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Editorial: Louis L. Goldstein

July 07, 1998

We join with citizens across Maryland in mourning the death of Louis L. Goldstein, who served as the state's comptroller for 40 years and its goodwill ambassador for at least that long. He served more than 50 years in elected office and became a friend to so many across the state that his Republican opponent in this year's race suggested that Goldstein be appointed a goodwill ambassador for the state.

An opponent, you say? Citizens who didn't know that Goldstein faced opposition can be forgiven, because most coverage we've seen on this race focused on what a colorful character he was.

The only real discussion of issues we've seen came in December 1997, when GOP candidate Tim Mayberry, who got 40 percent of the vote against Goldstein in 1994, was interviewed by The Herald-Mail about improvements he planned to make if he were elected. Two months later, Goldstein replied, claiming that Mayberry's assertions were untrue and that many of the improvements he was proposing had already been made. Beyond that, there's been little or nothing of substance.

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There's still time for a real debate on the issues in this race, if the major media can rouse themselves to do it, because no matter which Democrat files, this is not a race for the goodwill ambassador of Maryland, but for the state's chief financial officer. Important questions need to be asked, including:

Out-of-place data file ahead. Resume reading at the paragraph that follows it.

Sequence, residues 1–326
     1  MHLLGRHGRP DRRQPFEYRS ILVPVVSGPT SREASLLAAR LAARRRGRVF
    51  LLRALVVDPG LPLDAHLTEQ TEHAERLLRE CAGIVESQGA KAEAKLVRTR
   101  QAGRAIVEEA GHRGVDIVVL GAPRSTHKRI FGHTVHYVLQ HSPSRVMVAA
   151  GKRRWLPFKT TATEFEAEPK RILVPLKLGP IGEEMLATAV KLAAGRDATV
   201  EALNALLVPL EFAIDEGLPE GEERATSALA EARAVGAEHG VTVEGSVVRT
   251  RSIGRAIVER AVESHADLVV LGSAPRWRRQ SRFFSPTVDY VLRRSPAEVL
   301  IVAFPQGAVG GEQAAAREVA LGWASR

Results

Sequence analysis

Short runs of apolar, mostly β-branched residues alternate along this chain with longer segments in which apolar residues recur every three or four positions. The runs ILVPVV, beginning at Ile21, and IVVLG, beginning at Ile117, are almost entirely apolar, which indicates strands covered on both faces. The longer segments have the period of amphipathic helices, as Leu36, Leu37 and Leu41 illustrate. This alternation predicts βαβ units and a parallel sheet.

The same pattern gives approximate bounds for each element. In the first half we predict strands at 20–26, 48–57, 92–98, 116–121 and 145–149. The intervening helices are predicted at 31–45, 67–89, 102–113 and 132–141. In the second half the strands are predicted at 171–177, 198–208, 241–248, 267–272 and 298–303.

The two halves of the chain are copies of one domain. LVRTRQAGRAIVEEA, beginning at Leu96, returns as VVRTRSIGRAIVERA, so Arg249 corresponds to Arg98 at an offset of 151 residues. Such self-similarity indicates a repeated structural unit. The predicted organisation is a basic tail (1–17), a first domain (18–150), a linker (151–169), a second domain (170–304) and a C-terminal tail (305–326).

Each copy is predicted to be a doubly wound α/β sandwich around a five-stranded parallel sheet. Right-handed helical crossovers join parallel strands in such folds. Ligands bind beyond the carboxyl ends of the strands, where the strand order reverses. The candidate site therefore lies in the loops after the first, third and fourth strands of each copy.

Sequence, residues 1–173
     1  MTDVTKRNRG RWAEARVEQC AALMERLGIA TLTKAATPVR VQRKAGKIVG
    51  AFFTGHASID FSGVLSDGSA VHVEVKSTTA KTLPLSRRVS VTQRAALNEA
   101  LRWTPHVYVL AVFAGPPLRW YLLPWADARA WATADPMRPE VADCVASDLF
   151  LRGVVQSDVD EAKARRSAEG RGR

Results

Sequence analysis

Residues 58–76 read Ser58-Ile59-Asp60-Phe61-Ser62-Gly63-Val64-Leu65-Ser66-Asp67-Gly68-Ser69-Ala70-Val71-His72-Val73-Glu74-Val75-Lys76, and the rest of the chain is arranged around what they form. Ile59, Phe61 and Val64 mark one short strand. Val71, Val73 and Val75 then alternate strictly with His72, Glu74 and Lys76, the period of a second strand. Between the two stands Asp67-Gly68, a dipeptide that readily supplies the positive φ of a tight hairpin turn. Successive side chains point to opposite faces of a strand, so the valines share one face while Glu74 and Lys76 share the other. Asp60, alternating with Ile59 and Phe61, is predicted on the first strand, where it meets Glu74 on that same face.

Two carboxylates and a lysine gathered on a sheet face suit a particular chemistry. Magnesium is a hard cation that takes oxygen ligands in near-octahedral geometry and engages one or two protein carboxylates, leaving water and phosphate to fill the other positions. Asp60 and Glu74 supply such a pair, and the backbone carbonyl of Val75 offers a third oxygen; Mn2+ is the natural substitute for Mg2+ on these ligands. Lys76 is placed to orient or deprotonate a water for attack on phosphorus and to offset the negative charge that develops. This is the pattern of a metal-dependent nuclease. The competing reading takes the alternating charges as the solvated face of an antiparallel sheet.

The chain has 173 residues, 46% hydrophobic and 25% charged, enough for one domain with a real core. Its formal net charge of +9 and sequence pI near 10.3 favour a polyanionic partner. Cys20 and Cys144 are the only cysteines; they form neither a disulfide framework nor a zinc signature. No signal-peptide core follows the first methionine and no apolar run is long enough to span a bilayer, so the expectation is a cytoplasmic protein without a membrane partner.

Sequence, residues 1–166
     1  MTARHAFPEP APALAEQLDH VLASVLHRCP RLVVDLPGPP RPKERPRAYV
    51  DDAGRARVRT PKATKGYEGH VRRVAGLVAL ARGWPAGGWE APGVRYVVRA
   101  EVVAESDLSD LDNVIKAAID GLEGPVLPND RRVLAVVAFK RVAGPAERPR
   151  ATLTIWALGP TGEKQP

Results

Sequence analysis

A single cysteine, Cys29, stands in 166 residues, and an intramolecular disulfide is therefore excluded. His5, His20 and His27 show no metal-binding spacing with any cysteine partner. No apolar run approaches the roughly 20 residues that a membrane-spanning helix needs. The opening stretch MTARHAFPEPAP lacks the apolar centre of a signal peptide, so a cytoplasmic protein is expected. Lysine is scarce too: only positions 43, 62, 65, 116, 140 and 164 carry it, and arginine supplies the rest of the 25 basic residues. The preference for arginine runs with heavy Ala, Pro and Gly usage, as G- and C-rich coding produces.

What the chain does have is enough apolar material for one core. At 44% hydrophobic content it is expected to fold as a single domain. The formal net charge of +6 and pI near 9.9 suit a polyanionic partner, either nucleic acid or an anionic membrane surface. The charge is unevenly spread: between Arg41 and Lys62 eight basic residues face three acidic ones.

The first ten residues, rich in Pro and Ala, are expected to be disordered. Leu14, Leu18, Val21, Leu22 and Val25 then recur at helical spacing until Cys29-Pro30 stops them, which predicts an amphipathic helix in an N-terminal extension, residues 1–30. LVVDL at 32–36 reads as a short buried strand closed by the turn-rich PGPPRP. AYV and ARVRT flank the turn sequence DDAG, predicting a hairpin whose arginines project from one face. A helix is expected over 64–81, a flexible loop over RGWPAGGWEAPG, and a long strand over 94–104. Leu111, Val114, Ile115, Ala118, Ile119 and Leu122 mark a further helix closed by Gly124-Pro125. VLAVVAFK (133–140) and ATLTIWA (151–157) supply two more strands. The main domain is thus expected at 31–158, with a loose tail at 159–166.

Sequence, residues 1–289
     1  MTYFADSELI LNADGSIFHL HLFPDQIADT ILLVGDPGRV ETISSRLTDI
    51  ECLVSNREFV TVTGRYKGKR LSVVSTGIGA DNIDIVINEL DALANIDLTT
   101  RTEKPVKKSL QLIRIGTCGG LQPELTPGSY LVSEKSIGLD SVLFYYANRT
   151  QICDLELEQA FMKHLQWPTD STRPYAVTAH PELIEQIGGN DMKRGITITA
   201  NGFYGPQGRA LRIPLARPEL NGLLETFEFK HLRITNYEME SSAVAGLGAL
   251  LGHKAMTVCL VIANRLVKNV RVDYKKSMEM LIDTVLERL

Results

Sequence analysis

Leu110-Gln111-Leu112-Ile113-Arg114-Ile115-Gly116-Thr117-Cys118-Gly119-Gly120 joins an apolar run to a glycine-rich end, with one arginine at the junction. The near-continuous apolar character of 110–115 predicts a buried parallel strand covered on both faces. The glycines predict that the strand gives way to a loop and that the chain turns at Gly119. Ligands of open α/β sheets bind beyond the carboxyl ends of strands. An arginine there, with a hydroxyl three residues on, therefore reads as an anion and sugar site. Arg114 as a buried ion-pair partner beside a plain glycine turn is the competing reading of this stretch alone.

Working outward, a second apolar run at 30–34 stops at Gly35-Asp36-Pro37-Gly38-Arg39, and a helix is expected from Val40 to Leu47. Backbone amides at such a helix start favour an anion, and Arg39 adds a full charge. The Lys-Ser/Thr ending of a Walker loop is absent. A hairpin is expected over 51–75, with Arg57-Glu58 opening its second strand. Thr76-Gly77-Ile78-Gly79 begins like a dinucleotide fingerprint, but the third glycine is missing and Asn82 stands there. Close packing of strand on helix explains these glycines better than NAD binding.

- Is Maryland paying $14.5 million in late charges each year, as Mayberry charged, or only $15,000, as Goldstein claimed?

- Does Maryland need to institute the "lock box" system of collecting and depositing tax revenue, as Mayberry contended, or has it already done so, as Goldstein said?

- Does Maryland lose thousands of dollars worth of checks every month, as Mayberry said, or is the state protected by electronic transfer of those funds, as Goldstein asserted?

Louis Goldstein will long be revered as the tax collector with a heart, and we'll remember him with great affection. But it's time now to focus less on candidates' colorful personalities and more of their financial abilities.

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